The post war boom in Turkey’s economy has to a considerable extent been the result of the farsightedness of several Istanbul business dynasties
and Ramhi Koc and his Son Mustapha Koc own and manage much of the car construction, white goods and petrol chemical industries from their basein Istanbul. John has know them for a few years and liked them, as creative, warm and hugely energetic individuals.  John emailed him to say that themotorbike gang were in town . He got invited to dinner and since all theothers in the bike group had their wives/ partners in town John suggestedI joined him as his date(!!) I was  now another singleton.

Initially we were to dine on the family yacht but even for this monster
craft the weather in the Bosphorus was a bit rough and so Mustapha and
his wife Caroline held a dinner party at the house to welcome John , a
few of their close friends and family. We were picked up by limo from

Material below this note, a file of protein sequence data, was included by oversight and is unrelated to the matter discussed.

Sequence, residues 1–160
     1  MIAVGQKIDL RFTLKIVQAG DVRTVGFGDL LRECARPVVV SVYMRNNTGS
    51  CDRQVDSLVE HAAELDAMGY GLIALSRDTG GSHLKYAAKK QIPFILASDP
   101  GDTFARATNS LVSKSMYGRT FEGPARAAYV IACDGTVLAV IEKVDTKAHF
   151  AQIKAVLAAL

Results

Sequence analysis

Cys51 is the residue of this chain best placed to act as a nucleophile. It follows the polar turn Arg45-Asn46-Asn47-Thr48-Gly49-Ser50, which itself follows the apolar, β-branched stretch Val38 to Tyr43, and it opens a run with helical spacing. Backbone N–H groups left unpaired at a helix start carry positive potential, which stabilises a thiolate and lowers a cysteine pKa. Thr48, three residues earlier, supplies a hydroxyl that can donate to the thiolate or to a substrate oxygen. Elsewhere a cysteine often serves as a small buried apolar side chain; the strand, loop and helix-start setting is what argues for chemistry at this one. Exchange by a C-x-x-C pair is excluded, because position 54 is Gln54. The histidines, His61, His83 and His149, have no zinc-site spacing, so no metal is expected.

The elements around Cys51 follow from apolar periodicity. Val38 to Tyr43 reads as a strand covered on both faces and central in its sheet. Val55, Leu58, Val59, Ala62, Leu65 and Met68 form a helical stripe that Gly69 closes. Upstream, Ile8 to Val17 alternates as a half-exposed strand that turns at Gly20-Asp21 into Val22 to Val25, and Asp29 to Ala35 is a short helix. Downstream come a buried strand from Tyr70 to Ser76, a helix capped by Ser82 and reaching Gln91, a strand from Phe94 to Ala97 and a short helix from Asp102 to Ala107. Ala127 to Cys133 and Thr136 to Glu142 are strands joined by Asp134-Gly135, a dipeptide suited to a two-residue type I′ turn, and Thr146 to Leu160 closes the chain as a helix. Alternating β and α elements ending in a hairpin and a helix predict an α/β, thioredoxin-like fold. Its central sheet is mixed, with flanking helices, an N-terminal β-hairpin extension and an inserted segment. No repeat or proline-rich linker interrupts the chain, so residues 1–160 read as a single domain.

our hotel after John had raced back across town from the BMW garage
having had his blown clutch replaced for the price of a new Genoa. We
were a bit late and the limo driver gave us our second hair-raising run
across the city in the rush hour charging up one way streets the wrong
way and driving at terrifying speeds . After one and half hours we
turned off the south beach road on the Bosphorus, through a set of
massive gates opened by a set of dark suited musclemen looking like they
were moonlighting from the CIA. We travelled up a winding drive and into
a beautiful circular drive way to have all the doors of the limo
wrenched open by a further set of minders who whisked us towards the
house, up marble stairways and past fountains.

Oncemore further squadrons of Mediterranean men took our anoraks(!!!!) anescorted us upstairs to a sumptuous drawing room. (I counted at least 5
settees ) . We were introduced to Mustapha and his wife and in turn to
brothers and sisters plus their spouses. Everyone spoke immaculate
English. Mustapha and his wife had just got off a flight from the US but
despite this were incredibly warm and interested in our trip. His bother
in law Serti was also crazy about bikes and offered John his own BMW
should the repairs not hold.